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A Lot Of Decision Points

by Jonathan Little |  Published: Apr 19, 2023


Jonathan Little If you want to increase your poker skills and learn to crush the games, check out Jonathan Little’s elite training site at

I was recently told about a $5-$10 no-limit hold’em cash game hand from one of my poker students that illustrates a few mistakes many recreational players make on a regular basis.

A loose, splashy, player with a $2,000 effective stack raised to $30 with AClub Suit 9Club Suit from middle position and then an excellent loose, aggressive player three-bet to $95 from the cutoff seat with 10Heart Suit 8Heart Suit. From there, a tight, aggressive player elected to call $95 on the button with AHeart Suit QHeart Suit. The initial raiser called $65 more.

I am perfectly fine with the initial raise and three-bet. Of course, the cutoff could also call with 10Heart Suit 8Heart Suit, but three-betting applies pressure and builds a pot that can be stolen postflop when the initial raiser fails to connect with the board.

The button with AHeart Suit QHeart Suit should have four-bet or folded. The main problem with calling is that if a lot of money goes into the pot after the flop, A-Q cannot happily continue with even top pair, second kicker, which is what it will most likely flop. In this scenario, given his opponents’ loose tendencies, I would have four-bet to around $250.

Facing the three-bet and the call, AClub Suit 9Club Suit has an easy fold because he is highly likely to be dominated. If he flops a flush draw, he probably will not want to check-raise the flop and pile his 200 big blind stack in because when he gets called, he will be decently far behind. Due to his lack of position, he will have a difficult time getting a lot of money in if he check-calls the flop and makes his flush on either the turn or river. This should lead him to simply fold to the three-bet. However, in middle stakes live cash games, you rarely see players make snug (standard) folds before the flop, which is a costly leak that keeps many of them stuck in those games for their entire poker-playing careers.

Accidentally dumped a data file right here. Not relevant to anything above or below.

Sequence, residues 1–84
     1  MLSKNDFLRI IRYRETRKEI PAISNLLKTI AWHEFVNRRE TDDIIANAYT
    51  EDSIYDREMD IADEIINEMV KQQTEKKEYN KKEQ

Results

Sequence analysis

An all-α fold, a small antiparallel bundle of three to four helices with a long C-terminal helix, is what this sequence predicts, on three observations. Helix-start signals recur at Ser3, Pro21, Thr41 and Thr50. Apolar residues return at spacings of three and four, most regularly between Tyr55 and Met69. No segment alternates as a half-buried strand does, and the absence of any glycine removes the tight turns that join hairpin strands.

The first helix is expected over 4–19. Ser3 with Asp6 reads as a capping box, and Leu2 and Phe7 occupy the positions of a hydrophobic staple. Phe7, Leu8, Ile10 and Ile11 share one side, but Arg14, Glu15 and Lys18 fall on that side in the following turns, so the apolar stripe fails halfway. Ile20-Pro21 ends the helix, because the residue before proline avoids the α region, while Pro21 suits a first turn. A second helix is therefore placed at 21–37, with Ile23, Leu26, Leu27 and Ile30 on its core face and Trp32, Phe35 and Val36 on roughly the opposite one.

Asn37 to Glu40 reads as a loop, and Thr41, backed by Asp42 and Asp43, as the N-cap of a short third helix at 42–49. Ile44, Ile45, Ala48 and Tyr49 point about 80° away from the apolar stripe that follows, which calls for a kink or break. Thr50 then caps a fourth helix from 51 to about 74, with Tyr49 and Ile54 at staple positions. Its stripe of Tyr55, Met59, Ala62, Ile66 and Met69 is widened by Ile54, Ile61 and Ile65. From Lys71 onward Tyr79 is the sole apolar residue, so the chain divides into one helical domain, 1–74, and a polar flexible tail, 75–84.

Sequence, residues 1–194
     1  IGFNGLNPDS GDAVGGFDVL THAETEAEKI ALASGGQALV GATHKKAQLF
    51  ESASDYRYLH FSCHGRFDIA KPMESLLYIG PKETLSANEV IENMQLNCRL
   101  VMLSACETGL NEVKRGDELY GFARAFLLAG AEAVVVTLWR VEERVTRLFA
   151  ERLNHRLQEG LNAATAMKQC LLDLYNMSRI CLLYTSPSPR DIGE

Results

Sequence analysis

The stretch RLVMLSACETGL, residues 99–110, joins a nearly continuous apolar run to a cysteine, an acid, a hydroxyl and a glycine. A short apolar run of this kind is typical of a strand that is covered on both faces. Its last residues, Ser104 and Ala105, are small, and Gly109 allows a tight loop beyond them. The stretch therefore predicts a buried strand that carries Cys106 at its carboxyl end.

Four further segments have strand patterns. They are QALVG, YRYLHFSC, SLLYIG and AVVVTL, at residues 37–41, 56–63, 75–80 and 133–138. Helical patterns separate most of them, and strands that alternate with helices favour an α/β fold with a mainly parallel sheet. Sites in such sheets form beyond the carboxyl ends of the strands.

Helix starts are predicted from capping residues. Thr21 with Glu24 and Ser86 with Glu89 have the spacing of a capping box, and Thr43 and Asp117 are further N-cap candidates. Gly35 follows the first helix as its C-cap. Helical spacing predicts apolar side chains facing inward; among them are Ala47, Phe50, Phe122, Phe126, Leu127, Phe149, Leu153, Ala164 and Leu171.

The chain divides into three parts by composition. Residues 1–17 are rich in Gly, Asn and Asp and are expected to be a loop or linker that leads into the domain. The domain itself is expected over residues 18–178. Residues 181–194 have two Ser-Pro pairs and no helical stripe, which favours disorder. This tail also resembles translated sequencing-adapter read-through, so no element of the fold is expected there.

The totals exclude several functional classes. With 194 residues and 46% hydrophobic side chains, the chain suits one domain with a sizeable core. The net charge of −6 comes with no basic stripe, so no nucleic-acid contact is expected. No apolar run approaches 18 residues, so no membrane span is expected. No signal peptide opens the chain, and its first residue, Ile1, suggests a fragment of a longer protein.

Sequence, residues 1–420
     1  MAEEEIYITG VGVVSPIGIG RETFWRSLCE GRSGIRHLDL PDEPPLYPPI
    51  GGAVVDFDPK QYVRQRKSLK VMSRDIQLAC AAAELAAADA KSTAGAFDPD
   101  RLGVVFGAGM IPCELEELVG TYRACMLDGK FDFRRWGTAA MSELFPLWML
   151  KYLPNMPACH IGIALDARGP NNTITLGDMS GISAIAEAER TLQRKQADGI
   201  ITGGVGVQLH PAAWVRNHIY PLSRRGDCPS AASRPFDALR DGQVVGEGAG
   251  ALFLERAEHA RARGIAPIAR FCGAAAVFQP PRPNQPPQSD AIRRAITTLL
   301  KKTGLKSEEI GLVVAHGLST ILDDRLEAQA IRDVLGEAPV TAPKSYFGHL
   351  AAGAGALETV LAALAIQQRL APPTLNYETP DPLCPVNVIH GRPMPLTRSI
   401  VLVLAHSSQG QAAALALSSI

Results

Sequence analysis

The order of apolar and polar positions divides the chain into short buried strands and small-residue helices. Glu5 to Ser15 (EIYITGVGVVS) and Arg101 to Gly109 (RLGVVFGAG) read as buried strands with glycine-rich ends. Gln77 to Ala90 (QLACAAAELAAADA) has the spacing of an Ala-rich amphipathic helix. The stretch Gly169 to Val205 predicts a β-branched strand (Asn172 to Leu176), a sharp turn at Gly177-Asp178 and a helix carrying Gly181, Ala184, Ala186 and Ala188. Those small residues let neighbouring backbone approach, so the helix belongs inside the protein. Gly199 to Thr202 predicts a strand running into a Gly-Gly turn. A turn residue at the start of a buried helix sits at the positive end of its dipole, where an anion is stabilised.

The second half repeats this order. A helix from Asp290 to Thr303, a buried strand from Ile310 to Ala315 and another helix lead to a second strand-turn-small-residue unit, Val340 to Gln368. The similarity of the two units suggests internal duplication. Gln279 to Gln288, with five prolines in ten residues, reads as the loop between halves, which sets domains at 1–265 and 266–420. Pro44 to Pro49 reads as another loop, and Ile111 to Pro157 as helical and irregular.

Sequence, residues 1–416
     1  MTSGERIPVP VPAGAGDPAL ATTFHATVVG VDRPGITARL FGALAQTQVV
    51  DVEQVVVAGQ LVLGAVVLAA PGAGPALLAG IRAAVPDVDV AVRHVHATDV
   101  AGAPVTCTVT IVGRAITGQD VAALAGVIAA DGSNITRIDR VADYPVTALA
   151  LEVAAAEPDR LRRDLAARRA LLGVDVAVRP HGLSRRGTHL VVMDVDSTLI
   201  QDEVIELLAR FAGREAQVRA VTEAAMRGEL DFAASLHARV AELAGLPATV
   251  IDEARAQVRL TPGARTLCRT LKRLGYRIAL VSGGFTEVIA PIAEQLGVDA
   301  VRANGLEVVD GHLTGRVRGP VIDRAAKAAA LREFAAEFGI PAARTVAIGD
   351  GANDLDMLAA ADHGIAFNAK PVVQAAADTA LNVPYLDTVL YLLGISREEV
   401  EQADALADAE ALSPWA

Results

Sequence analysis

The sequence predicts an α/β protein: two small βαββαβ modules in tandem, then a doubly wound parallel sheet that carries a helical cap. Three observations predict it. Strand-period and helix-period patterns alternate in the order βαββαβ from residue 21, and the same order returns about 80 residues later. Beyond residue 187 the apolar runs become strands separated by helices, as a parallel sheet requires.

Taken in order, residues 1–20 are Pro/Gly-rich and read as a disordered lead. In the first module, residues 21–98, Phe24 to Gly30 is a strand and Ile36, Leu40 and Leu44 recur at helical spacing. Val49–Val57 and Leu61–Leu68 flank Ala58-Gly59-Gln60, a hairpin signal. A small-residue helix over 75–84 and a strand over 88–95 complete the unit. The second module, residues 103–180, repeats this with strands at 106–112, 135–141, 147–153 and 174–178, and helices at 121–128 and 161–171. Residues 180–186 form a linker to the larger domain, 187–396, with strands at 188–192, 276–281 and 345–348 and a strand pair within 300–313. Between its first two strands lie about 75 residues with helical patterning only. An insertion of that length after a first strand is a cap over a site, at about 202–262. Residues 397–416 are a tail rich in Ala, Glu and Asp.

The flop came QClub Suit JClub Suit JDiamond Suit, and everyone checked.

While it may be tempting for AClub Suit 9Club Suit to lead with the flush draw, that is not a good idea because it is too likely someone has connected well with this board. 10-8 should also check for the same reason, despite having the preflop betting lead. You may be surprised to find out that I actually like checking with A-Q as well. It is usually not too susceptible to being outdrawn and if it bets and gets called or raised, it will usually be in marginal shape. It is best to check behind and try to get closer to the showdown.

The turn was the 10Spade Suit. The middle position player with AClub Suit 9Club Suit bet $130 into the $300 pot, the cutoff folded, and the button called with AHeart Suit QHeart Suit.

I am fine with AClub Suit 9Club Suit’s turn bet. He has to expect one of his two opponents to have at least a marginal made hand, but his flush and straight draws have a lot of equity. 10-8 has an easy fold even though it “improved to a pair.” It is important to realize that bottom pair and an awful straight draw are not worth much in this spot.

A-Q again made a good call, opting not to raise. As on the flop, if a lot of money goes in on the turn, he will either be crushed by a better made hand or a bit ahead of a strong draw.

The river was the QDiamond Suit. AClub Suit 9Club Suit bet $325 into the $560 pot, AHeart Suit QHeart Suit raised to $1,000, and AClub Suit 9Club Suit folded.

I really dislike AClub Suit 9Club Suit’s river bluff. If his opponent had a missed draw, ace high is likely the best hand. Knowing his opponent is a fairly straightforward player, AClub Suit 9Club Suit can expect the river to check through quite often when his ace high is good. While his opponent usually will not have a jack or straight, he could easily have a queen (as he did). AClub Suit 9Club Suit simply has to check with the intention of folding to a bet.

A-Q should definitely raise the river, but he chose a bad size. When the river bettor has worse than a jack, he will fold to any raise, and he will always call a queen. So, the goal is to get value from a jack. In my experience, most players will call a small raise to about $720 with a jack.

A-Q’s raise to $1,000 is simply too large, which will often result in a fold from the opponent’s entire range, resulting in A-Q missing out on a hefty amount of value some portion of the time. Don’t leave that money on the table! ♠

Jonathan Little is a two-time WPT champion with more than $7 million in live tournament earnings, best-selling author of 15 educational poker books, and 2019 GPI Poker Personality of the Year. If you want to increase your poker skills and learn to crush the games, check out his training site at